2019 Menu Development Initiatives: Marston's

2019 Menu Development Initiatives: Marston's

Marston’s

Nicola Arrow, head of food

Number of sites and employees:
Circa 650+ pubs

Major trends this year and implementation:
Consumers are becoming more mindful of their health, their families’ wellbeing and the effect we have on the planet. The health of our customers is a key priority to us – few go out with the intention to be unhealthy – so if we can reduce the calorie, sugar and salt content across our most popular dishes, we can help facilitate our customers to leading healthier lifestyles, yet still offer tasty treats when they wish to indulge. We align our consumer health strategies with Public Health England reformulation programmes which set to tackle rising childhood obesity and reduce the calorific value of products sold to consumers.
35% of the population are cutting down on meat consumption and adopting a casual vegetarian diet – ‘Meat-Free Monday’ has become an ever-popular phrase and Veganuary has become more popular year on year, fuelling demand. Plant-based dishes are becoming more popular on our menus, so to understand further, we ran a survey with over 750 pub-goers about their thoughts and preferences on vegetarian and vegan food. We found that the majority of our customers do still eat meat, with beef burgers and steaks being very much expected on pub menus, yet one in three are cutting back the amount they eat, mainly for health and weight loss reasons. Consumers are more aware of food authenticity and its journey from field to fork.
In September, we launched our NOMEAT campaign across 400+ pubs, a dedicated plant-based menu aimed at those wishing to reduce their meat intake and we led with the hashtag ‘not just for vegans’. Burgers is the fastest growing category across the majority of our menus, so it felt right that a plant-based burger was our hero dish. We liked the story behind a company called Moving Mountains, a UK-based company led by one man on a mission to create a burger that emulated meat but didn’t harm animals, named the B12 burger. Other dishes on the menu included tikka masala, cauliflower wing tacos and jam donut pudding – familiar favourites developed to be meat-free.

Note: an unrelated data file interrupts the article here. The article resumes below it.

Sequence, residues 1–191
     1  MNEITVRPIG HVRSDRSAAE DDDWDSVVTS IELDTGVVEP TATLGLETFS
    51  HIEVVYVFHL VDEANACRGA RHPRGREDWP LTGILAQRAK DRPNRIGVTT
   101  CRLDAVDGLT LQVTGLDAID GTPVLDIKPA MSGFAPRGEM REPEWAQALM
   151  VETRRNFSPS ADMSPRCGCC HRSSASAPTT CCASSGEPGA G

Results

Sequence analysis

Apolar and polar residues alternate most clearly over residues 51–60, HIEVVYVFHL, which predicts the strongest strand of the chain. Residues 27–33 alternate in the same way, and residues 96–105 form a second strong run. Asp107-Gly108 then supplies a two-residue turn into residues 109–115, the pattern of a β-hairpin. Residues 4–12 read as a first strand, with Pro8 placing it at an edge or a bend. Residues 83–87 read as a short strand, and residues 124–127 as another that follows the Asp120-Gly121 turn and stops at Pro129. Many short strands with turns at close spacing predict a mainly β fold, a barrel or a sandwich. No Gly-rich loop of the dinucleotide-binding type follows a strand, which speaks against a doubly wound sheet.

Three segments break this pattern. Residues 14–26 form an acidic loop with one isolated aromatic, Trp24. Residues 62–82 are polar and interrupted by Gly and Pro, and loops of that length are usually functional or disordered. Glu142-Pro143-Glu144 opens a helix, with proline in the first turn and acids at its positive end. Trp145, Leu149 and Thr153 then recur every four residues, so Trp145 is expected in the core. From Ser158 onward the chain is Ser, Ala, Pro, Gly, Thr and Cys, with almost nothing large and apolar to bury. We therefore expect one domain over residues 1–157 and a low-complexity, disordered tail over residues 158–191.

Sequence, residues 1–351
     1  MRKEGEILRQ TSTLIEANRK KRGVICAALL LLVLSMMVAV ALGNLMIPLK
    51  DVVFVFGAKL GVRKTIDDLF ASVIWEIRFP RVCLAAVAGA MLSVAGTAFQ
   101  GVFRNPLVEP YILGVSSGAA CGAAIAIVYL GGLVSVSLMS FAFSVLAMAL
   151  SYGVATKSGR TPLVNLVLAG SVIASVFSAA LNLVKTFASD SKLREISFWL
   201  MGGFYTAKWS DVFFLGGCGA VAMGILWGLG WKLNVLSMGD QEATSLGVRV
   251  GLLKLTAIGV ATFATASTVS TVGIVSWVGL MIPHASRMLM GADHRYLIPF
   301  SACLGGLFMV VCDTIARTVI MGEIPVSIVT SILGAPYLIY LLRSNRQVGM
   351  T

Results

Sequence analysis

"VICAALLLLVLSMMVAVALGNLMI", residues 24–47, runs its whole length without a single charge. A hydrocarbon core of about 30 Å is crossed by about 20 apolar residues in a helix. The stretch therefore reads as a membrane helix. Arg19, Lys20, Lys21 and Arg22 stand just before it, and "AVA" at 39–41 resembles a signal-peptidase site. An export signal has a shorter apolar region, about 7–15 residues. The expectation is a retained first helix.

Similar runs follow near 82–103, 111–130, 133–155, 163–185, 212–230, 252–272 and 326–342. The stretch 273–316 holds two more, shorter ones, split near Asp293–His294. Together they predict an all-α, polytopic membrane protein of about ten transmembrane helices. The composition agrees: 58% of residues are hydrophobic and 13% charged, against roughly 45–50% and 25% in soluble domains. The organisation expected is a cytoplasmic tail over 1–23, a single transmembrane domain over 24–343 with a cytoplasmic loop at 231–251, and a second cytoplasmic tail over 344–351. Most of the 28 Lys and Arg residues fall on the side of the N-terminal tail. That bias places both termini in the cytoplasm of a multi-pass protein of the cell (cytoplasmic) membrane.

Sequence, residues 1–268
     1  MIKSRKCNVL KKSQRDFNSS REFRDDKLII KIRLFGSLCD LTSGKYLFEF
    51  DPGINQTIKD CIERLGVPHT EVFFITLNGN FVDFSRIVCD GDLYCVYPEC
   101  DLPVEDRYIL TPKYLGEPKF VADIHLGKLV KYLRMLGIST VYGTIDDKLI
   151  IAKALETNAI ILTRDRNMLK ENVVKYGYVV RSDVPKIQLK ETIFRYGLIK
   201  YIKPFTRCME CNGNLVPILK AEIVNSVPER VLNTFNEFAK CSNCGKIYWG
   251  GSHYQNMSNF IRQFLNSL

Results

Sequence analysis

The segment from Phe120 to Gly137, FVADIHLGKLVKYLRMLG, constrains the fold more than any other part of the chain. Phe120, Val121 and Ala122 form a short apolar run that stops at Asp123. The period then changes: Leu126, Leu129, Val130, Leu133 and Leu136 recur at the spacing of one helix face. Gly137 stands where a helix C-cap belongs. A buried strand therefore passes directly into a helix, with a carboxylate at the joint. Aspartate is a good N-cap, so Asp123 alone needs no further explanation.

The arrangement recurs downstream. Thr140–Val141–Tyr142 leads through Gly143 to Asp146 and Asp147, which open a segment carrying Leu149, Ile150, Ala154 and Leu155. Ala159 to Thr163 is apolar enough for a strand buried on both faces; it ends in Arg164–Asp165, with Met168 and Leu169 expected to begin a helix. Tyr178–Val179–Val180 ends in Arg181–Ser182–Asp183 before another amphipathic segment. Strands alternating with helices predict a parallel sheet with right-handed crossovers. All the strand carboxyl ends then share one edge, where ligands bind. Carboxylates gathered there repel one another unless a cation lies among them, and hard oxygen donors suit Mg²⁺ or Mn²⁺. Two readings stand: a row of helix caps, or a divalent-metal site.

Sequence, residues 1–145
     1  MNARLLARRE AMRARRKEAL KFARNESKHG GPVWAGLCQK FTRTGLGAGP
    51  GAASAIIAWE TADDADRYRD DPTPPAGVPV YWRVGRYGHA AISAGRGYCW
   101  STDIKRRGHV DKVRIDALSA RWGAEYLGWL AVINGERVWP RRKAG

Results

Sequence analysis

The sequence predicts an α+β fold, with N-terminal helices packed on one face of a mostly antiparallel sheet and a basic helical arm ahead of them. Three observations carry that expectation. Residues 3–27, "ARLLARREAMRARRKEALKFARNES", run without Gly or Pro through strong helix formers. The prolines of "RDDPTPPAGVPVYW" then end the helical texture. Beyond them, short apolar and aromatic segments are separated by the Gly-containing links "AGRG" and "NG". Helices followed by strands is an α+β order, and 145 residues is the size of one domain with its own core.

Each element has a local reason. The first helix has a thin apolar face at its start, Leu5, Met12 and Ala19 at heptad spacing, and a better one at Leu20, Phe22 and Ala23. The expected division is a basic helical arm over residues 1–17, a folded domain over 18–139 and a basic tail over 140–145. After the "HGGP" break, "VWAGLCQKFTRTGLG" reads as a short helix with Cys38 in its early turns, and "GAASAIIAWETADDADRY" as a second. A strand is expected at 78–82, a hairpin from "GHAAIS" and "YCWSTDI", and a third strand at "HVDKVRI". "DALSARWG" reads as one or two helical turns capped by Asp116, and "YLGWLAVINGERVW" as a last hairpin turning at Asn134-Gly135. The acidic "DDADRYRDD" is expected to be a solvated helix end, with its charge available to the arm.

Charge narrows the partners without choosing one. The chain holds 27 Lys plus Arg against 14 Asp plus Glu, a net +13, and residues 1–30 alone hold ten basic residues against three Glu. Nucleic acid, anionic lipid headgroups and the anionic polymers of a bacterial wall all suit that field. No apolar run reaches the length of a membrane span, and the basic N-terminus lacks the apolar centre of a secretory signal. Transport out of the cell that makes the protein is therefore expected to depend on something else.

Biggest selling menu item(s) this year:
Pub classics always feature in our top selling lines, fish/scampi and chips, steaks, pies and puddings. To bring innovation and weave trending flavours into classic favourites, we aim to innovate and push boundaries but not alienate our customers – if a name is hard to pronounce, a customer is unlikely to embarrass themselves by trying to order it. Our carvery meat wrap, fresh rotisserie chicken tacos, homemade stone-baked tikka-tastic pizza and our ‘create your own salads’ have all been popular across menus this year. Customers visit our pubs with the expectation that we provide good quality pub food wrapped up with a great experience.

Menu planning: